(Note. A full account of the Manila ship will be found in Chapter 22 below.)
The character they gave us of this vessel, on which the money was to be shipped, left us little reason to believe that our ship, which had been in the water near two years, could have any chance of coming up with her, if we once suffered her to escape out of the port. And therefore, as we were now discovered, and the coast would be soon alarmed, and as our cruising in these parts any longer would answer no purpose, the Commodore resolved to surprise the place, having first minutely informed himself of its strength and condition, and being fully satisfied that there was little danger of losing many of our men in the attempt.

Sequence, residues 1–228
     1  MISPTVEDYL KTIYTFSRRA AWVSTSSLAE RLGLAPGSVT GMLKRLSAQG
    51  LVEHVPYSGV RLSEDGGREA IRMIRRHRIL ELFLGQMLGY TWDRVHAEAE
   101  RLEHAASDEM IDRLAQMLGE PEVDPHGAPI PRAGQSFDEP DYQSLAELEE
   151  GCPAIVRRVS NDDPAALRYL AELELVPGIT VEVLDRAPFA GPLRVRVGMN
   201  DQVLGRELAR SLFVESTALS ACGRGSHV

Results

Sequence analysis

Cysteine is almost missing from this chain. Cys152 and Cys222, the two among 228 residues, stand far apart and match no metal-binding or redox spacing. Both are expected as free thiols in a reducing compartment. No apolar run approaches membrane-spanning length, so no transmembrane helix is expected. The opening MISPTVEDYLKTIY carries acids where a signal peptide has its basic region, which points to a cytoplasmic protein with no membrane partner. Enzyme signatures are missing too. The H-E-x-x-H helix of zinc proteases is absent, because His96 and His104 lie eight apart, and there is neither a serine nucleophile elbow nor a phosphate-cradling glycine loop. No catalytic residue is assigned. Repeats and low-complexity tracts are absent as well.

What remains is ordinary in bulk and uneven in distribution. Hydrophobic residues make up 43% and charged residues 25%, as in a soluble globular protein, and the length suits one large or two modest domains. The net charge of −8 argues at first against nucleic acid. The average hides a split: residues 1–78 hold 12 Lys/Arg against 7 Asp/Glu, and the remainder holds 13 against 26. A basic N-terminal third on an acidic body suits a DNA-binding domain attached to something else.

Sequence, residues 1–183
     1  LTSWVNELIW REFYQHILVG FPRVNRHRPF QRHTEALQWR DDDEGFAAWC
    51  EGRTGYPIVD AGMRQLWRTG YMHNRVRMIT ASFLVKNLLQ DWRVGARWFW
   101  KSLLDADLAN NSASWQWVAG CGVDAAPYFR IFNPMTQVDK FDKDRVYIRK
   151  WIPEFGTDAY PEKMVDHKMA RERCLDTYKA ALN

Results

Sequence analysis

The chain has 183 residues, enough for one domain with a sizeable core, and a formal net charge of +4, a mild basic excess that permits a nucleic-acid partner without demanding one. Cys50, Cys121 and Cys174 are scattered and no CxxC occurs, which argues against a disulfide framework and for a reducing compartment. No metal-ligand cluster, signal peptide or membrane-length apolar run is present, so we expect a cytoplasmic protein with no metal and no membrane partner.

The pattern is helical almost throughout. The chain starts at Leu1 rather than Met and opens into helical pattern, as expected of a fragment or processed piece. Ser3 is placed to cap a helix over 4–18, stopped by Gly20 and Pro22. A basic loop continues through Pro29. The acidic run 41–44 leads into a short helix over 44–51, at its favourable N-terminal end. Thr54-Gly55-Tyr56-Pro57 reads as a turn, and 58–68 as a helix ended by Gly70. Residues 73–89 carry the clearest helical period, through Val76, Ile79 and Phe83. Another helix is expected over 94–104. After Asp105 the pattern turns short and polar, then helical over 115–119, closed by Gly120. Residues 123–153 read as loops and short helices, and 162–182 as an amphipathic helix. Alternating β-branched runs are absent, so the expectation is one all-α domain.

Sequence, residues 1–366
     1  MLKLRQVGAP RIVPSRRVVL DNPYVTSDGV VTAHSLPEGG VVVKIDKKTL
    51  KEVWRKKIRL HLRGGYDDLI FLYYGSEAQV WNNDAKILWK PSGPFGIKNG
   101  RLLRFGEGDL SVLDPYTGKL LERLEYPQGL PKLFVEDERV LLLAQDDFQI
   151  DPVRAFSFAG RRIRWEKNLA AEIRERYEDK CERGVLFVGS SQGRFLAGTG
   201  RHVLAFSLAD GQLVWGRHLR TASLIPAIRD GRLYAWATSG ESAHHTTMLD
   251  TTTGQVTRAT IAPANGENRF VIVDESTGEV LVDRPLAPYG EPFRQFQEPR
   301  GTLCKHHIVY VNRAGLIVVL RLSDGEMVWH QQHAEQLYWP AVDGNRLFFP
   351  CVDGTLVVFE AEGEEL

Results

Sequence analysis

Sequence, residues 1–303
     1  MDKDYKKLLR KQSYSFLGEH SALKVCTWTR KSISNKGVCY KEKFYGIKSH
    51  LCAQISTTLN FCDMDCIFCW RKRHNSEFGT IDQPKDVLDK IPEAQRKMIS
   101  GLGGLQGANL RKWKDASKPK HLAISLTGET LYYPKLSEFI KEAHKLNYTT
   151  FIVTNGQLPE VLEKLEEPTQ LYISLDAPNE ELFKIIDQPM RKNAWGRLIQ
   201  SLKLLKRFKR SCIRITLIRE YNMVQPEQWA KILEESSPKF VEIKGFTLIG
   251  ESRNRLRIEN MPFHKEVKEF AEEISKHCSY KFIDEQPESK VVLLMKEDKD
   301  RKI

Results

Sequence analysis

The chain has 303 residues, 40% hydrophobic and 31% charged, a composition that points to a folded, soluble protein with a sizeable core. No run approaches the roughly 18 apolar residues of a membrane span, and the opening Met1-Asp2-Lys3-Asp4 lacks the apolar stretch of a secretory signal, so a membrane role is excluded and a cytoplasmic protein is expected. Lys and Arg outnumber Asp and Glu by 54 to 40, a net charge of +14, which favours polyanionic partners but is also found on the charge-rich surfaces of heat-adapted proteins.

The town of Paita is situated in the latitude of 5 degrees 12 minutes south, in a most barren soil, composed only of sand and slate; the extent of it is but small, containing in all less than two hundred families. The houses are only ground floors, the walls built of split cane and mud, and the roofs thatched with leaves. These edifices, though extremely slight, are abundantly sufficient for a climate where rain is considered as a prodigy, and is not seen in many years; so that it is said that a small quantity of rain falling in this country in the year 1728, it ruined a great number of buildings, which mouldered away, and, as it were, melted before it. The inhabitants of Paita are principally Indians and black slaves, or at least a mixed breed, the whites being very few. The port of Paita, though in reality little more than a bay, is esteemed the best on that part of the coast, and is indeed a very secure and commodious anchorage. It is greatly frequented by all vessels coming from the north, since it is here only that the ships from Acapulco, Sonsonnate, Realejo and Panama can touch and refresh in their passage to Callao; and the length of these voyages (the wind for the greatest part of the year being full against them) renders it impossible to perform them without calling upon the coast for a recruit of fresh water. It is true, Paita is situated on so parched a spot that it does not itself furnish a drop of fresh water, or any kind of greens or provisions, except fish and a few goats; but there is an Indian town called Colan, about two or three leagues distant to the northward, whence water, maize,